The future of professional photography

Started Apr 5, 2005 | Discussions thread
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cc_sea New Member • Posts: 6
The future of professional photography

Is it a good time or a bad time to become a professional photographer?

In other words, if a young person were choosing a career, would you (especially those of you who are currently making a living taking pictures) recommend photography? I'm particularly interested in what you think the trends might be.

Not to bias the discussion, here are a few of thoughts, pro and con.

  • CON. Digital capture and distribution are putting price pressure on commercial photography. You can see this with the changing structure of the stock photography market. The number of distributors of stock photography has increased (even Adobe is entering the market), and there is a trend toward low-cost royalty-free image licensing. This trend affects non-stock commercial photography indirectly by increasing the price premium for custom images versus stock. Over time, the price of many kinds of commercial images may fall. This is bad for photographers.

  • PRO. Compared to a lot of other professions, location still matters in photography. Unlike manufacturing or even engineering, you can't outsource a wedding or sporting event shoot to workers in a low-wage country. The work needs to happen where the event being photographed occurs.

  • CON. The previous argument doesn't apply at all to product photography. This can happen anywhere, including low-wage countries.

  • CON. Digital photography lowers the barrier to entry in the profession. It's easier than ever for a novice to hang up shingle and get started. It is easier for a novice to produce a commercially acceptable 16"x20" finished print using a digital workflow than using film and a traditional chemical process. (One reason is the immediate feedback. Exposure can be more experimental with digital imaging.) And I think we all expect the cost of high-res digital cameras, computers, storage media and network bandwidth to fall in price. Lower barrier to entry means many more photographers will be vying for the fixed pool of work in the future. Will photography become like acting and pro sports where a few celebrities make it and 99% of everyone else starves?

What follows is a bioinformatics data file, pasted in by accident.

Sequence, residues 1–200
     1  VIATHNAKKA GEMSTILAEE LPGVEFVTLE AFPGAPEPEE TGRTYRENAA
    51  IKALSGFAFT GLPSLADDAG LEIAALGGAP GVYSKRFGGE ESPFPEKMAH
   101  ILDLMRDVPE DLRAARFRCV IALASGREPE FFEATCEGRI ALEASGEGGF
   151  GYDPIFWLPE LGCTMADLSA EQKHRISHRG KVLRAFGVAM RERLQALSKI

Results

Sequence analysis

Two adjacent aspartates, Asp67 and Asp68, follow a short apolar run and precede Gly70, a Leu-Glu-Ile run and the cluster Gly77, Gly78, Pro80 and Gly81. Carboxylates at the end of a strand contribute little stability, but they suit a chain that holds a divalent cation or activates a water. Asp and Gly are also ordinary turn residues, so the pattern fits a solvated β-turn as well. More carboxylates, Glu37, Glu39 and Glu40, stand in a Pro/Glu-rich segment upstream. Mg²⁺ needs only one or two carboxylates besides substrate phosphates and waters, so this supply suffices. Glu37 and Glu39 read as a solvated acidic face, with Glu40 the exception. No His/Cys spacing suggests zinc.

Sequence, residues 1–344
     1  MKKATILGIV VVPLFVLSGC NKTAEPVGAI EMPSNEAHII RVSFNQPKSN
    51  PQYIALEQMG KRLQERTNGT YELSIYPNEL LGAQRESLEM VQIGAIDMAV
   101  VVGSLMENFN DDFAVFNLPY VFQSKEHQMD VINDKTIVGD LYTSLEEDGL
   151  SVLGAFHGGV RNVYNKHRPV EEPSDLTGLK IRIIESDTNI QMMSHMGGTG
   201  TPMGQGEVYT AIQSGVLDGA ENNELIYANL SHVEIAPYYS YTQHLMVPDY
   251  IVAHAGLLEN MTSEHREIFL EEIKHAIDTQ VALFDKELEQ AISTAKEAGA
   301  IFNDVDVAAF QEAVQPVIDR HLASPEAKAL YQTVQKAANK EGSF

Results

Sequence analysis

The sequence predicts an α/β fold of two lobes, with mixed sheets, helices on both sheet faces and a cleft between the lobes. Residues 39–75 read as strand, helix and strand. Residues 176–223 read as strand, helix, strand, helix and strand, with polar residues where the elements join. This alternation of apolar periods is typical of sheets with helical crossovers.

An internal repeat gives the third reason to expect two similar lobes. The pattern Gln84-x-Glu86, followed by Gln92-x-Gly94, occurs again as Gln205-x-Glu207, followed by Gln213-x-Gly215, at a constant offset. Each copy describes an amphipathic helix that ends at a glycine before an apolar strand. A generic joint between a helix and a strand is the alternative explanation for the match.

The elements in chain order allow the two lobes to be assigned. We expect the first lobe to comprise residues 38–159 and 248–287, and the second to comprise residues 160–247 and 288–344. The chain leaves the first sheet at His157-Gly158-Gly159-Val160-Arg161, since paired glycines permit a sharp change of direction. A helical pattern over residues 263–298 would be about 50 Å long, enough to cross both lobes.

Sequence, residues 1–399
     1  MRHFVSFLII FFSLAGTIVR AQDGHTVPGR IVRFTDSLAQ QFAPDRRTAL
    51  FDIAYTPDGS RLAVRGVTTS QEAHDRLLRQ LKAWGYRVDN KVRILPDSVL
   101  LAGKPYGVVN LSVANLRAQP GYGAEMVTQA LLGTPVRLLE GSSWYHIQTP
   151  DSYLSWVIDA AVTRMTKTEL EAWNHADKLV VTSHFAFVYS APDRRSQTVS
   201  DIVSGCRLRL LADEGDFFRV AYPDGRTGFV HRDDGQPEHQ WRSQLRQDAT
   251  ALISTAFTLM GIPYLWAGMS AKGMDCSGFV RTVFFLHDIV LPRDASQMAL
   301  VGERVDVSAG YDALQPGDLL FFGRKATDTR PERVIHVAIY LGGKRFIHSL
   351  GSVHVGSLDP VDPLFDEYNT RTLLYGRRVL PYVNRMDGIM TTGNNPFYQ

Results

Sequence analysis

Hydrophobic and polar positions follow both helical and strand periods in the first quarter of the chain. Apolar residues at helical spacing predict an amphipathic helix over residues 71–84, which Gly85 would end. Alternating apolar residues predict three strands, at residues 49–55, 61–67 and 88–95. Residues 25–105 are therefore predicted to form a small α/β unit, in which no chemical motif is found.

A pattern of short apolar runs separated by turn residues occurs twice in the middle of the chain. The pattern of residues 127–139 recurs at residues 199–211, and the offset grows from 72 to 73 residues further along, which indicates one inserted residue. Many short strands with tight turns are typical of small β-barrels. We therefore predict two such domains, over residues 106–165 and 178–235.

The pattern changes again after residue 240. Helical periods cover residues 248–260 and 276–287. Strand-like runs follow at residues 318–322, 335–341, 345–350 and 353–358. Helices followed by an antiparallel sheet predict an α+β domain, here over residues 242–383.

• CON. Digital photography makes it easier for nonprofessionals to do perform some photographic tasks, reducing the need for dedicated photographic professionals. For example, real estate photography is often done today by real estate agents (who are too cheap to pay for the better results provided by professional photography). Sales of digital SLRs are expected to explode in the next 3-4 years. Professional photographers will be behind only a tiny fraction of the purchases.

What is the dpreview consensus on the whether photography will continue to be a reasonable place to make a living? I am especially interested in the opinions of working professionals.

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